Britain 'recommends heightened security' for ships in Straits of Hormuz after Iran tries to block oil tanker

Roland Oliphant
The type 23 frigate HMS Montrose reportedly aimed its guns on the Iranians and told them to move away - REUTERS

The British government raised its security warning for shipping in Iranian waters to its highest level as the Royal Navy was forced to fend off the attempted obstruction of a British oil tanker by Iranian Revolutionary Guards.

British flagged ships were notified at the beginning of this week that Iranian waters were considered a level three, or “critical” security environment, the Telegraph understands.

The security alert, which amounts to advice to avoid Iranian waters where possible and would have been accompanied by advice on specific precautions to take, came after Iran threatened “reciprocal” action for the recent seizure of an Iranian tanker by the Royal Navy near Gibraltar.  

That action appeared to come on Wednesday, when the British Heritage, owned by BP Shipping and registered to the Isle of Man, was approached by three Iranian Islamic Revolutionary Guard Corps boats as it sailed through Persian Gulf towards the Strait of Hormuz.

The Iranians ordered the vessel to stop in nearby Iranian territorial waters, according to the Ministry of Defence, but withdrew after HMS Montrose, a Royal Navy frigate which had been escorting the tanker, aimed its guns on the Iranians and warned them to move away.

A Ministry of Defence spokesperson said: “Contrary to international law, three Iranian vessels attempted to impede the passage of a commercial vessel, British Heritage, through the Strait of Hormuz.

“HMS Montrose was forced to position herself between the Iranian vessels and British Heritage and issue verbal warnings to the Iranian vessels, which then turned away." 

The tanker is believed to have been in waters disputed by Iran and the United Arab Emirates when the incident took place

A US aircraft flying overhead filmed the incident, but the footage had not been released by late Thursday evening. 

The incident is the most serious involving a British ship since the current crisis in the Gulf began and will raise fears that Britain could get dragged into a brewing military confrontation between the United States and Iran in the Gulf.

Iran warned last week that it might seize a British oil tanker after Royal Marines boarded and detained the Grace 1, a super tanker carrying two million tons of Iranian oil, as it passed through Gibralatan waters last Thursday.

British and Gibraltan authorities say they suspect the ship of running oil to Syria, in breach of EU sanctions, and have denied the move was targeted at Iran.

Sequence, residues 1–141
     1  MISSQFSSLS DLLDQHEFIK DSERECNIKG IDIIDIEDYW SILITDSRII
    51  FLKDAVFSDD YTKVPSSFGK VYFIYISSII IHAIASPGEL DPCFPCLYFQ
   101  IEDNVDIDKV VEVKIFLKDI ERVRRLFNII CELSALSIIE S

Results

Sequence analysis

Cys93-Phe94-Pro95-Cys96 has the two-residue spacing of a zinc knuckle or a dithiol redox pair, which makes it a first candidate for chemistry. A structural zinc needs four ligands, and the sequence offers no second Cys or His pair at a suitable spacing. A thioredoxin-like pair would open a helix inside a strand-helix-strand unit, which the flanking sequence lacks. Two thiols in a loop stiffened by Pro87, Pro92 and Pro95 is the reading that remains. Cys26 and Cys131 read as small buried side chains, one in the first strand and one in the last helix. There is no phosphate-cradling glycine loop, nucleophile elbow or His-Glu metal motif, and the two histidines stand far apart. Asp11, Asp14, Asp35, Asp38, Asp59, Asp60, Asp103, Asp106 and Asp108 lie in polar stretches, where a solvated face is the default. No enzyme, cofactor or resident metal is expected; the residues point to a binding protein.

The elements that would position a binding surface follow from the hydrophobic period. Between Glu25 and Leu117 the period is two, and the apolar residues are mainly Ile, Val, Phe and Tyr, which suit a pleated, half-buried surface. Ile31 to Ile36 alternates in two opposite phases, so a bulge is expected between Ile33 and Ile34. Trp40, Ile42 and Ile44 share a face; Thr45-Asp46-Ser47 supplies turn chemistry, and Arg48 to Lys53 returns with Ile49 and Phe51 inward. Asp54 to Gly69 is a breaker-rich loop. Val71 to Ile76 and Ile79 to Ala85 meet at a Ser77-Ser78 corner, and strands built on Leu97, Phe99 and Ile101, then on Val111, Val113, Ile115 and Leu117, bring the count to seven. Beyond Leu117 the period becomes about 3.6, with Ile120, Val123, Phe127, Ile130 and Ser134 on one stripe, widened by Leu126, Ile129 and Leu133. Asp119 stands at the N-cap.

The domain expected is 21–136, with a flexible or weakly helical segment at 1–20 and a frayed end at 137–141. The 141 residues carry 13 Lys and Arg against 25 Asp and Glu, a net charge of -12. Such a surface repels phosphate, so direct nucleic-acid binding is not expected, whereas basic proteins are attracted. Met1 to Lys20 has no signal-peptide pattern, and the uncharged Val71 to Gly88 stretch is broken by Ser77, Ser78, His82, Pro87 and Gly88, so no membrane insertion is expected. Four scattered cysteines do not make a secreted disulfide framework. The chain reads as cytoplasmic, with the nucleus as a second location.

Police in Gibraltar said on Thursday that they have arrested and interviewed under caution the Grace 1's captain and chief officer on suspicion of breaching EU sanctions on Syria, in a move likely to further inflame tensions.

Neither man has yet been charged. Iran's revolutionary guard denied attempting to seize the British Heritage, but a senior commander also warned that Britain would "strongly regret" detaining the Grace 1 .

"If the enemy had made the smallest assessment they wouldn't have done this act," said Rear-Admiral Ali Fadavi on Thursday. "Our reciprocal action will be announced."  

Iran earlier described the seizure of Grace 1 as an act of "piracy" and accused Britain of bowing to US pressure to hinder its attempts to export oil under the terms of the 2015 nuclear deal.

Mohsen Rezaei, a general in the Revolutionary Guard Corps and an advisor to Iran’s supreme leader, on Friday warned Iran might go after a British tanker.  

And President Hassan Rouhani called the seizure of the vessel "mean and wrong" during a Cabinet meeting on Wednesday.

He warned London: "You are an initiator of insecurity and you will understand its repercussions," without elaborating.

Oil companies have warned that continued disruption around the Strait of Hormuz, which handles up to a third of the world's seaborne oil exports, could have a dramatic impact on petrol prices.

There are usually between 15 and 30 British flagged ships operating in the vicinity of the strait at any given day, more than the Royal Navy can realistically provide escorts for.

Besides HMS Montrose, a type 23 frigate, the Royal Navy has four minesweepers and the Royal Fleet Auxiliary ship Cardigan Bay in the region.  

Britain is also a member of a 33-nation Combined Maritime Force with a mandate to protect shipping in the Western Indian Ocean from piracy and terrorism.

The United States has said it wants a new international force to guarantee freedom of navigation in the Persian gulf, although it has yet to lay out those plans in detail.

Last month Donald Trump called of military strikes against the Islamic Republic after it shot down a US surveillance drone over the Strait of Hormuz.

Tensions in the Persian Gulf have risen dramatically since Donald Trump pulled the United States out of the Iran nuclear deal in May 2018 and imposed a series of punishing sanctions on the Islamic Republic, including measures designed to prevent it exporting oil.

Britain, France, and Germany have defended the deal, including Iran's right to export oil,  but Iran has complained the European powers have done too little to help it continue to trade.

It began to violate the deal's restrictions on uranium enrichment in protest last week.

A spokesman for BP, which operates the British Heritage tanker, said: "Our top priority is the safety and security of our crews and vessels. While we are not commenting on these events, we thank the Royal Navy for their support."